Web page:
While all smoke is harmful, old style outdoor wood boilers generate more particulate pollution than indoor wood stoves. The units are designed to burn wood at lower combustion temperatures and generally have shorter stacks which emit smoke at house level. Wood smoke releases fine particulates ("soot"), carbon monoxide, and other toxic pollutants. While the new certified OWBs produce less smoke, wood smoke in any form is a potential human health problem. As more and more families turn to wood for their energy, the devices they use need to be cleaner and cleaner in order to maintain Vermont’s air quality.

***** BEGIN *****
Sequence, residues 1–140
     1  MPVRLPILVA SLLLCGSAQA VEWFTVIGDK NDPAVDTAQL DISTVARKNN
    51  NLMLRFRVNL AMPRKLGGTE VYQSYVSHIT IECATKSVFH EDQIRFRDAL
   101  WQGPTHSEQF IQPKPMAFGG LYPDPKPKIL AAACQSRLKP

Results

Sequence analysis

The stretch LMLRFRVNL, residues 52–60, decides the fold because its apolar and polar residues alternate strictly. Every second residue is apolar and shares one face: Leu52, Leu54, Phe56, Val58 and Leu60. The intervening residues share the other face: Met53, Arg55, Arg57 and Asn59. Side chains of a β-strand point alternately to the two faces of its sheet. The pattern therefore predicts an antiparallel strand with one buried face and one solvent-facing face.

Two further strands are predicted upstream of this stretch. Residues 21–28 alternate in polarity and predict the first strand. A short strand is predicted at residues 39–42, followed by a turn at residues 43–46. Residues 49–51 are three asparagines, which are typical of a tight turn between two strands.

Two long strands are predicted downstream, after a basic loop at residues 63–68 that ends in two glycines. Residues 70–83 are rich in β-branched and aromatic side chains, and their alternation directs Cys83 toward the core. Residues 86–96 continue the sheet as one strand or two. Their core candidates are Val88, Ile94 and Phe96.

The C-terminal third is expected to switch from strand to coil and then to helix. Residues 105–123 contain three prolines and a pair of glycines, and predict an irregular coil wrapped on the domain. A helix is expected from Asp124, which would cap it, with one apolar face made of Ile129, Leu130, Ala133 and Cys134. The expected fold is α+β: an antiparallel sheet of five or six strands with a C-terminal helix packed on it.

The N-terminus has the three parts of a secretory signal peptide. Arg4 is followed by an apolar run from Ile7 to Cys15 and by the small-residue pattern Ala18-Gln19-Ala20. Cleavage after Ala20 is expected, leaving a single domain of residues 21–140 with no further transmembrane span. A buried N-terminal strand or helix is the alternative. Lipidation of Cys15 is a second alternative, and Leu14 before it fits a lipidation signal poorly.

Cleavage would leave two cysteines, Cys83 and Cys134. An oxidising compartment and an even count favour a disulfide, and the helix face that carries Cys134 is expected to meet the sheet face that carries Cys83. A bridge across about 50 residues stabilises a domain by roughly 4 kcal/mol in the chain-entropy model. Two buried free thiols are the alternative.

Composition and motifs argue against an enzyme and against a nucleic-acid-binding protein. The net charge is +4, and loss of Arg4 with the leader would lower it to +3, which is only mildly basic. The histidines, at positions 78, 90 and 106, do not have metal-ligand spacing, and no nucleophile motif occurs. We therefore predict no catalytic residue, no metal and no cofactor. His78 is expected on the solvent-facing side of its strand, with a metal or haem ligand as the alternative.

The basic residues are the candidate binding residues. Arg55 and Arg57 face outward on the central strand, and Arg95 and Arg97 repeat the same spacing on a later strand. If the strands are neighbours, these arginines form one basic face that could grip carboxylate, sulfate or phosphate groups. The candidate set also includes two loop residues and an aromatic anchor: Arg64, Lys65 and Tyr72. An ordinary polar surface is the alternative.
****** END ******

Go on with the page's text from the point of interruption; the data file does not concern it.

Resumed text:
Children, whose lungs are still developing, and people with health, heart or lung problems such as coronary artery disease, asthma, or emphysema are especially affected by smoke. Legitimate health concerns account for the majority of nuisance complaints and have resulted in many municipalities and states passing regulations to protect the public health.
Concerns about health impacts and general air pollution have prompted states in the Northeast and Midwest and the US EPA to adopt programs limiting the smoke from OWBs. Manufacturing are cooperating and redesigning their OWBs to meet new particulate emission standards.
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